Arbeitspapiere

Commercial Project or Strategic Disorientation? The Controversial Nord Stream 2 Gas Pipeline

19/2018
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The Nord Stream 2 natural gas pipeline has become a bone of contention of the EU’s foreign policy – something that Germany is largely responsible for. While Berlin continues to hold the view that the planned pipeline is primarily a commercial project of Gazprom, Moscow emphasizes its geopolitical importance: Russian pipeline gas versus liquefied natural gas (LNG) imports from the United States? Potential strategic repercussions are largely ignored or marginalized in the political discussion in Germany. According to Brussels and Eastern European EU member states, Germany has pushed the project with no regard for their strategic interests or political solidarity, and in doing so, given the German-Russian special relationship priority over the EU’s common (foreign) energy policy.

No other energy policy project of the EU and Germany is as controversial as the construction of the Nord Stream 2 natural gas pipeline (NS-2). Germany, which has championed the construction more than any other country, failed to win a political majority for the construction of the pipeline within the EU. In Brussels, both the European Commission and a vast majority of the European Parliament oppose the idea. Austria and, with reservations, the Netherlands and France were the only countries within the EU-28 to support the project. Notwithstanding the equally controversial Nord Stream 1 pipeline (NS-1), which has been in operation since 2011, Berlin has so far enforced NS-2 by arguing that it was a purely or at least primarily commercial project and that it strengthened European energy security. In doing so, the German Government has dodged discussions on foreign energy policy. In April 2018, German Chancellor Angela Merkel conceded “that it was not an exclusively economic project but that political aspects certainly had to be factored in as well.” In doing so, she referred to the future of the Ukrainian transit status for Russian natural gas exports after 2019 (when the current gas transit agreement between Russia and Ukraine will have expired), which Russia intends to uphold only temporarily until the bypassing pipelines NS-2 and Turkish Stream will be completed. In contrast, the EU-28, including Germany, wish to uphold Ukraine’s transit status on a long-term basis.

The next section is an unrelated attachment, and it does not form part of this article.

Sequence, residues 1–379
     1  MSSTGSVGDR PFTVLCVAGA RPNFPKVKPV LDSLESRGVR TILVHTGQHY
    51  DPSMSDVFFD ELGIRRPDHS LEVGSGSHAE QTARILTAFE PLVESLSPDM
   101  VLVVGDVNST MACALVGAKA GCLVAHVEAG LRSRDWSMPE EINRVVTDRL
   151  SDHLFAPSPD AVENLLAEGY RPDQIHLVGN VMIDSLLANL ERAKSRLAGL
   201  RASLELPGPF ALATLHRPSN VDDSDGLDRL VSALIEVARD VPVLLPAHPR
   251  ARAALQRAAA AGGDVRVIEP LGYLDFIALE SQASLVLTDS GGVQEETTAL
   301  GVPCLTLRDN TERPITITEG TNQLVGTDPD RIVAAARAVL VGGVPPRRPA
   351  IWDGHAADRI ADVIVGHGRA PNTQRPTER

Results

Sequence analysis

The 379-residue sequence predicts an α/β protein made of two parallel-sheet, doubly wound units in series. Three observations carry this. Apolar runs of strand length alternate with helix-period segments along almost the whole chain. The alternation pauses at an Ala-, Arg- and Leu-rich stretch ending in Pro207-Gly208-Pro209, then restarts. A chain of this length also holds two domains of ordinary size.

The natural gas pipeline project not only raises strategic questions as to whether it contradicts the objectives of the gas import diversification strategy signed, among others, by Germany in the European Council as part of the EU’s common energy policy. It moreover raises fundamental questions associated with the decision-making process of energy policy in Germany, because once more the country unilaterally and without prior consultations with Brussels and its neighbors endorsed such a key project (as had been the case with the turnaround in energy policy in 2011). What is more, the Federal Foreign Office was not consulted regarding the implications for EU policy beforehand, nor was the Federal Network Agency tasked with preparing an analysis of the repercussions for both the German and the European natural gas market. The government has based its position almost exclusively on the support of the two German gas companies involved, Wintershall and Uniper. This contradicts the approach of “comprehensive energy security” and a broad understanding of security, which should also take more extensive effects of economic and foreign policy into consideration.

The author has elaborated on the questionability of the NS-2 pipeline project’s commercial profitability for Russia in other publications.1 This was recently confirmed by a report published by Russia’s state-owned Sberbank criticizing Gazprom for investing in the new and expensive gas export pipelines Power of Siberia, Turkish Stream and NS-2, i.e. in unprofitable projects with poor strategic planning.2 The report similarly claims that the NS-2 project will not be profitable for Gazprom over the next 20 years. Pipeline projects are primarily a gravy train for Russian building contractors with close ties to the Kremlin, according to the report. This analysis aims to critically reflect the essential foreign energy policy arguments for the pipeline that are not, or only insufficiently, being discussed in Germany. The author of this analysis neither questions the importance of natural gas for a longer transition process toward a renewable energy age nor does he doubt the necessity of future natural gas imports from Russia. To what extent Germany and the EU should increase their existing dependence on Russian natural gas exports to Europe and to what extent the construction of the NS-2 pipeline contradicts the strategic objectives of the EU energy security strategy agreed and co-signed by consecutive German governments, however, are certainly issues that need to be discussed.

Just a Commercial Private Sector Project?